In last week’s article, Content Strategy: 7 Practical Tips for Getting Stakeholder Buy In, we talked about how to get stakeholders to buy-in to your new content strategy. A critical step in implementing a content strategy is achieving this consensus. The next challenge is making sure that all of your stakeholders understand and keep up-to-date with your content strategy.

Again, content strategy is a plan on how to create, deliver and maintain your content. It’s possible you have different professionals in various roles handling the different stages of the content lifecycle. Communicating the essentials, as well as the details, will be the fundamental cornerstone for the success of the overall strategy.

Here are some practical tips to help you be more effective in communicating your organization’s content strategy:

  1. Build a team that understands what they each bring to the table
    Content strategy is new and most people don’t really understand what it means. Help the professionals who are engaged in this process -- many of whom are not Web professionals -- to understand why their unique skill set, or their role within the greater organization is of fundamental value to the strategy.

    For example, if an administrative assistant updates her divisions’ bios on a regular basis, make sure she understands why she needs to follow the style guide.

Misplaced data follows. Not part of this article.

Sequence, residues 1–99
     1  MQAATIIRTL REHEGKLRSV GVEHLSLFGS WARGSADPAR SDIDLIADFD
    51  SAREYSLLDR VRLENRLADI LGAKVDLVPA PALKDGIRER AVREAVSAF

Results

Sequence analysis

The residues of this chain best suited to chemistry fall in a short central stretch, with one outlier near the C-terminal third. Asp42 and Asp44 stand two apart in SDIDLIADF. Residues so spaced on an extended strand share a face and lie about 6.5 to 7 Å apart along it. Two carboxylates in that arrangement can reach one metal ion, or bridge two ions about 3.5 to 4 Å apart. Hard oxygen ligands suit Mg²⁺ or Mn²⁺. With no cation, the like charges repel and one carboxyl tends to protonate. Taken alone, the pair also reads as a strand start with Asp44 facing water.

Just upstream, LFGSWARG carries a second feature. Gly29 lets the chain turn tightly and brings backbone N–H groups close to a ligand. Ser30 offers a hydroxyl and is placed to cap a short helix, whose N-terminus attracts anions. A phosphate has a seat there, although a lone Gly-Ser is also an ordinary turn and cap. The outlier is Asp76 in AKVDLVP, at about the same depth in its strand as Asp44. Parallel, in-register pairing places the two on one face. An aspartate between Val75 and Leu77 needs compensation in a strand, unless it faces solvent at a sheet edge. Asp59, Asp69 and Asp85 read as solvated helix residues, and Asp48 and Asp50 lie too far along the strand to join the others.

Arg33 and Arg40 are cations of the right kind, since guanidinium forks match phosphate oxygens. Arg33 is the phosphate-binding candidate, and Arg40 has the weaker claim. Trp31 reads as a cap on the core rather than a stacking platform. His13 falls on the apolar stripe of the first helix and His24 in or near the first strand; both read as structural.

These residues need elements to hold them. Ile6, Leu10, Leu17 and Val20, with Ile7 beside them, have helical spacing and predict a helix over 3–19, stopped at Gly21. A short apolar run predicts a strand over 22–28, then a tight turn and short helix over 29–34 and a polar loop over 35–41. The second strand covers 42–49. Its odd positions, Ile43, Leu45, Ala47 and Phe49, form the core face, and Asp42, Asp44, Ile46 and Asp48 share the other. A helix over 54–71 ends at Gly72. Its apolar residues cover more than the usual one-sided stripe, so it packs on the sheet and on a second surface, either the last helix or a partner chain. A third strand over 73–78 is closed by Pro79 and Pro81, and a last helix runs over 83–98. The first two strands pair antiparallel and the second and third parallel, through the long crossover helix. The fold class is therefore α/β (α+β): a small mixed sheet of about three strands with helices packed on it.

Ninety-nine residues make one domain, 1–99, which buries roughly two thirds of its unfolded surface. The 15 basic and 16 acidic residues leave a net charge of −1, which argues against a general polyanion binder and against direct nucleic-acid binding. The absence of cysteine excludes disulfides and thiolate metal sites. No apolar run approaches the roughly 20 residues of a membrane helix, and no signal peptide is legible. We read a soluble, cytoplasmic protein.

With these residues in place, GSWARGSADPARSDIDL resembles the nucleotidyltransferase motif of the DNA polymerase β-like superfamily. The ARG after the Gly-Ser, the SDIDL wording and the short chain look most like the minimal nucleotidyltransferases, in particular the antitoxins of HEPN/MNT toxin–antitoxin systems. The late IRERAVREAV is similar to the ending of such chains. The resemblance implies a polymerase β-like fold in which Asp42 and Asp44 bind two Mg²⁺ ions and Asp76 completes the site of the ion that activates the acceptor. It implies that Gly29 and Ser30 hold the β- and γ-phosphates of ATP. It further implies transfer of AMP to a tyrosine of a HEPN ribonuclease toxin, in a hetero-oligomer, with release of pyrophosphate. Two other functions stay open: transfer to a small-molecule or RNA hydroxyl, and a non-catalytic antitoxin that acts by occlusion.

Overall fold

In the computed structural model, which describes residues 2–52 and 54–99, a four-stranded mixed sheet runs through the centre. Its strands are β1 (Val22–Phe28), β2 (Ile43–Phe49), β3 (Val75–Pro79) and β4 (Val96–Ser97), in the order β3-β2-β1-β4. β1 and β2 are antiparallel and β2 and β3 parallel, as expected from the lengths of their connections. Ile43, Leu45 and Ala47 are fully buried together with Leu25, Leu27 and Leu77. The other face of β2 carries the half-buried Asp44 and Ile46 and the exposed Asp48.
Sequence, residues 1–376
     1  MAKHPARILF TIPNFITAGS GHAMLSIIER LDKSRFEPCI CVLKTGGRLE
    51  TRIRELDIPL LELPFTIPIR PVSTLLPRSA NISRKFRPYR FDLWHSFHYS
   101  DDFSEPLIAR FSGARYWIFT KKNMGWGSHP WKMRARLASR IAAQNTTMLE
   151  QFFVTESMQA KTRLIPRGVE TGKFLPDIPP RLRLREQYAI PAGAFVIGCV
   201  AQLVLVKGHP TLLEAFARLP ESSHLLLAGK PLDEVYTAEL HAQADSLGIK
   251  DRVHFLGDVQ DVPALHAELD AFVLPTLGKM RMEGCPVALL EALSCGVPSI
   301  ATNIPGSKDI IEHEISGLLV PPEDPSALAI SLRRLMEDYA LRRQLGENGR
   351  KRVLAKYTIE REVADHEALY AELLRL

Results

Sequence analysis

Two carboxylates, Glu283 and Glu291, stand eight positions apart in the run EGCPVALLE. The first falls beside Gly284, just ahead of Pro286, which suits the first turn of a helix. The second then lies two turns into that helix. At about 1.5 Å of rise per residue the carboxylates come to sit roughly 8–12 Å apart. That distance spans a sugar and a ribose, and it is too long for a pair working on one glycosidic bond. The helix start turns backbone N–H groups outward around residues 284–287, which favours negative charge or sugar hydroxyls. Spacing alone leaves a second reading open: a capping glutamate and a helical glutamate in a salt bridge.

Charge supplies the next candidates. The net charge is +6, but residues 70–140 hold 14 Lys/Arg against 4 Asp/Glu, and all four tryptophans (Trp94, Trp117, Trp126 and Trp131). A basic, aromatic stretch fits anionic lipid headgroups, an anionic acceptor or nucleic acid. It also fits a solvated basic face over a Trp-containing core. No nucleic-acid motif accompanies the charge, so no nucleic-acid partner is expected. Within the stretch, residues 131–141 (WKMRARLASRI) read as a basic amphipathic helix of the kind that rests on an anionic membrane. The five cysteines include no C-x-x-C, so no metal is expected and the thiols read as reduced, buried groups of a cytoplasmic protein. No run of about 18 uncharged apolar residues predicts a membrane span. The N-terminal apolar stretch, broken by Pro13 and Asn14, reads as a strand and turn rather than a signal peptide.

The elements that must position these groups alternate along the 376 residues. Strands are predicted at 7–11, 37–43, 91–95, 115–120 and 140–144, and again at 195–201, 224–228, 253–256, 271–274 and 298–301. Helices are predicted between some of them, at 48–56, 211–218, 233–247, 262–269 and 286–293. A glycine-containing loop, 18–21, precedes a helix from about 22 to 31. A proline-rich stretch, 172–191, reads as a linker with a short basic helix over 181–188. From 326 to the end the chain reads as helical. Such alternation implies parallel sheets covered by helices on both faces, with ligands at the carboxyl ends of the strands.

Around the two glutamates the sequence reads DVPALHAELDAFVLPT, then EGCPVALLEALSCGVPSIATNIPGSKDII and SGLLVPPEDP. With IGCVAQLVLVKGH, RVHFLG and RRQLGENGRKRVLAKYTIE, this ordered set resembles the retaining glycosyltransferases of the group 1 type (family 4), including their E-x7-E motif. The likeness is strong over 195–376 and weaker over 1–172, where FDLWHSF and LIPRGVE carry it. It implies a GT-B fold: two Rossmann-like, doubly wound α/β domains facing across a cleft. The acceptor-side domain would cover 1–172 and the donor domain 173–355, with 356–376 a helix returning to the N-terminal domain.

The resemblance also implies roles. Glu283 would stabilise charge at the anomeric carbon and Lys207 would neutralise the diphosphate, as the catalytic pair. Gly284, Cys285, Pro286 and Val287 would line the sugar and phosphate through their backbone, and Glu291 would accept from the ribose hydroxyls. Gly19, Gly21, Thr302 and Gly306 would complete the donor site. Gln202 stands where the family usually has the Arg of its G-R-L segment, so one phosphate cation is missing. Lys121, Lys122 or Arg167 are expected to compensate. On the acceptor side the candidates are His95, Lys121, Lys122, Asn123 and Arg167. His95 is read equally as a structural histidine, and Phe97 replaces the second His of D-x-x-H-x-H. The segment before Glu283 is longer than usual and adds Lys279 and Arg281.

2. Send out weekly emails with no more than 2 tips/rules
    Make a list of 4-5 major categories you want everyone to understand about the goals of the content strategy. Then, once a week, send out an email that gives people 2 tips within each category. Keep it very short -- no more than 2 paragraphs. If you can, make it funny -- this is the hard part.
  3. Trumpet successes in the organization
    This one is easy to do, but success take work to pinpoint. When you do find a good example of how the content strategy solved a problem, led to profit or some other ROI, write it up and send it around.

    Don’t write a whitepaper or business case -- it isn’t necessary (unless you want to share it at the next content strategy conference). Just demonstrate the problem, show how the individual followed strategy to solve it, and say your words of thanks. Reward the professional responsible -- it doesn’t have to be extravagant, but it should demonstrate appreciation.
  4. Host a free lunch
    #1 rule in business: no one says no to free food. Once a month, ask the team to join you for a free lunch. Spend half the time socializing and half the time talking about content strategy. Be open to constructive criticism, comments and feedback. Show that you listened by changing what wasn’t working and reporting it to the group the following month.
  5. Make sure analytics are available
    Inform and educate your team about how they can use your analytics package. Or, give them reports on a regular basis. Make it a point to discuss the analytics so everyone can understand how to use them and what they mean. Look at that -- I already gave you the first topic of your free lunch.

I’m interested to hear what has worked in your organization. Let the commenting begin!